Overclassification makes the U.S. less secure, in that it distracts intelligence agencies from protecting actual life-and-death secrets, and undermines public support for data collection and other measures needed to keep us safe.
“There’s classified, and then there’s classified,” President Barack Obama said in a recent interview. Unfortunately, he’s right: The U.S. government classifies vast amounts of material as secret, top secret and the like, much of it with no relevance to national security.
This isn’t just a bureaucratic waste of money and a blow to the democratic ideal of government transparency. Overclassification makes the U.S. less secure, in that it distracts intelligence agencies from protecting actual life-and-death secrets, and undermines public support for data collection and other measures needed to keep us safe. Justice and accountability require a thorough reappraisal of the need for secrecy.
One person who understands the problem is Director of National Intelligence James Clapper, whom nobody could call soft on national security. In March, he asked his agency chiefs to find ways to make more documents available for public scrutiny. One striking suggestion: Switch from a system in which some materials are scheduled for declassification after a set period — often 15 or 25 years — to one in which officials actively look to identify documents that can be declassified sooner.
More broadly, the intelligence community needs to lose its risk-averse mindset about documents: Nobody ever got fired for classifying something that didn’t need it. To alter that dynamic, each of the 16 agencies that make up the intelligence community could appoint a declassification official, similar to an inspector general, to pore over secret materials and identify those documents that most deserve public scrutiny. Agencies that fared poorly in these random audits would know the extent to which they are wasting time and money on needless secret-keeping.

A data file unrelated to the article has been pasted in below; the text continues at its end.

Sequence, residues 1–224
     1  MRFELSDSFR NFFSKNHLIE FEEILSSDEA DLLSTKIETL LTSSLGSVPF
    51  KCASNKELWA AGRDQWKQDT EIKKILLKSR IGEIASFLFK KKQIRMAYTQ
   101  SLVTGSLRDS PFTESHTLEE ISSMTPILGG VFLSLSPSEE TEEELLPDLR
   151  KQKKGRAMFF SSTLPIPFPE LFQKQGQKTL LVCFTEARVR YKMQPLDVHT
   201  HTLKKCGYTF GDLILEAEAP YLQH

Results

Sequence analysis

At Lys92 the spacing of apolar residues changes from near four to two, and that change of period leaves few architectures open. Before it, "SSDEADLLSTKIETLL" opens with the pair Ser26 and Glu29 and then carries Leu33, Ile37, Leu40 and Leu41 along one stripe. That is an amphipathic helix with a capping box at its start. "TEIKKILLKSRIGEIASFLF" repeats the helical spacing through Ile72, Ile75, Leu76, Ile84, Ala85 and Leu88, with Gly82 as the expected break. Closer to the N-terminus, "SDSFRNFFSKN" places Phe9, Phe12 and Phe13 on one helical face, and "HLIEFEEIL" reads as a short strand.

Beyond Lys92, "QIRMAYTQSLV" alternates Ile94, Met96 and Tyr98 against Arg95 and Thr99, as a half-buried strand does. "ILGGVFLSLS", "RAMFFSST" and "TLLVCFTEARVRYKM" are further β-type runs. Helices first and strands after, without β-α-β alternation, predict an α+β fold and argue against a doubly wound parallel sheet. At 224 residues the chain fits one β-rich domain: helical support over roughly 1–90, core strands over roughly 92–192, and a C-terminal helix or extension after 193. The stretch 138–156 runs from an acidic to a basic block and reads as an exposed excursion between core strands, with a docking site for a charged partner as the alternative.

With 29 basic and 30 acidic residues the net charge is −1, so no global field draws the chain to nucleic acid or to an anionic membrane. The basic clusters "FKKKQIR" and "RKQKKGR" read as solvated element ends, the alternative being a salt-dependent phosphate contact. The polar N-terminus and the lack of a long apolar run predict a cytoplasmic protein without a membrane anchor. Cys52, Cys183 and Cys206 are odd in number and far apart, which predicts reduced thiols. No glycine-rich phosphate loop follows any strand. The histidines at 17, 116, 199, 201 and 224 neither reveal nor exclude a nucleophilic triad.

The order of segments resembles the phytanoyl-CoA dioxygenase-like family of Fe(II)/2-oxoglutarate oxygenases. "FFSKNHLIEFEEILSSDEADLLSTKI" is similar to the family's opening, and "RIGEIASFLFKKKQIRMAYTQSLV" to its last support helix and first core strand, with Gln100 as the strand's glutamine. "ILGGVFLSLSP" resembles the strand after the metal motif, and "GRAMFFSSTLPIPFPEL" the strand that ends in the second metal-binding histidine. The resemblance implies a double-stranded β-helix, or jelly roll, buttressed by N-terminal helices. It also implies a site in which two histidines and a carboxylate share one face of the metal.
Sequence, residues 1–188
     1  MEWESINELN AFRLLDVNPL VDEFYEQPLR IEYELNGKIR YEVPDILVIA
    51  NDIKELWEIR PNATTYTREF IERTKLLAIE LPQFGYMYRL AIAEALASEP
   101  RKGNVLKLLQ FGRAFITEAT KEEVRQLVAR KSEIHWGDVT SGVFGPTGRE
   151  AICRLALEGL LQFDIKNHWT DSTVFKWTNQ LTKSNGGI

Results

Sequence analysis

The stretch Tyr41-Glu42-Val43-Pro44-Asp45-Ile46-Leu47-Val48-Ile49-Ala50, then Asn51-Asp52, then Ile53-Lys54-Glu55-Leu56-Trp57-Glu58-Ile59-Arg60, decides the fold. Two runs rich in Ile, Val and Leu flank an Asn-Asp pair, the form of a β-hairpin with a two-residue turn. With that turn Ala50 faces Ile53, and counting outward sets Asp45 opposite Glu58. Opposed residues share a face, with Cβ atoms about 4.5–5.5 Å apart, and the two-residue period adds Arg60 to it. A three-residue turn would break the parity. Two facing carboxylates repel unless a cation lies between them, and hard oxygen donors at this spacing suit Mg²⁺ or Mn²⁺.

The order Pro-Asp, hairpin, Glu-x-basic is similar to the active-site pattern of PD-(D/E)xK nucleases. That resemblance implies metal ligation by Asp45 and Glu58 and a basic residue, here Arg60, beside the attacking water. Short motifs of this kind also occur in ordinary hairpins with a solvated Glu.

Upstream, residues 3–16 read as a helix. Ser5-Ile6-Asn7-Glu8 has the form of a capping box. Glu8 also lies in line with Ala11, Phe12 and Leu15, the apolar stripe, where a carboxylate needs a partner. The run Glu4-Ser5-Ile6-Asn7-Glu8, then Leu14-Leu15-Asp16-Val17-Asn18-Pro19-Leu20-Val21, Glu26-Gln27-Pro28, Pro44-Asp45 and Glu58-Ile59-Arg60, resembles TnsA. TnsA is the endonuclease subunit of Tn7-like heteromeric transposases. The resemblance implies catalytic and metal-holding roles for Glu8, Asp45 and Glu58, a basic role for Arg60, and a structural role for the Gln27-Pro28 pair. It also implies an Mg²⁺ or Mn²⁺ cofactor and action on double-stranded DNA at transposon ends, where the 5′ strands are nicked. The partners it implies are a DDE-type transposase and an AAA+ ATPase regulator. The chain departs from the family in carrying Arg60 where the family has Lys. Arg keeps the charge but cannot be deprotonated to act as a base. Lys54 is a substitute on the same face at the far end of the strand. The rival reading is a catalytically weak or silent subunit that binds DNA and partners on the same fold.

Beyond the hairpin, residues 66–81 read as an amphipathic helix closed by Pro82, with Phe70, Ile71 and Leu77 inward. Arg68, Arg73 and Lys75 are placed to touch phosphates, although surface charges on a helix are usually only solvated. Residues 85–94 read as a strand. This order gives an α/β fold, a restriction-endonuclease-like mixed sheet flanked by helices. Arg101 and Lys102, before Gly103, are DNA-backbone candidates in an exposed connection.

A simpler change would be to drop the lowest level of classification, “confidential,” altogether, as Britain did in 2014. Documents in that category have no bearing on national security yet account for more than one-fifth of classified material. Eliminating the label, Clapper says, would free personnel to vet truly sensitive materials.
Any experienced government official can tell you that classification can be used for purely political ends, such as hiding documents to save an agency or official from embarrassment or legitimate scrutiny. Transparency on this score could be improved by ensuring that contractors at intelligence agencies have the same job protections as full-time staffers if they bring malfeasance to light through proper whistle-blowing channels.
The intelligence community has made some recent progress on unnecessary secrecy. The number of people holding security clearances has dropped significantly — a good sign, because overclassification creates the demand for such permissions. The government claims it has lowered overall classification rates as well, though some critics don’t trust the figures. In any event, more needs to be done. In his remaining months in office, Obama should press for changes to ensure that the next administration will be more open than his.
— BLOOMBERG VIEW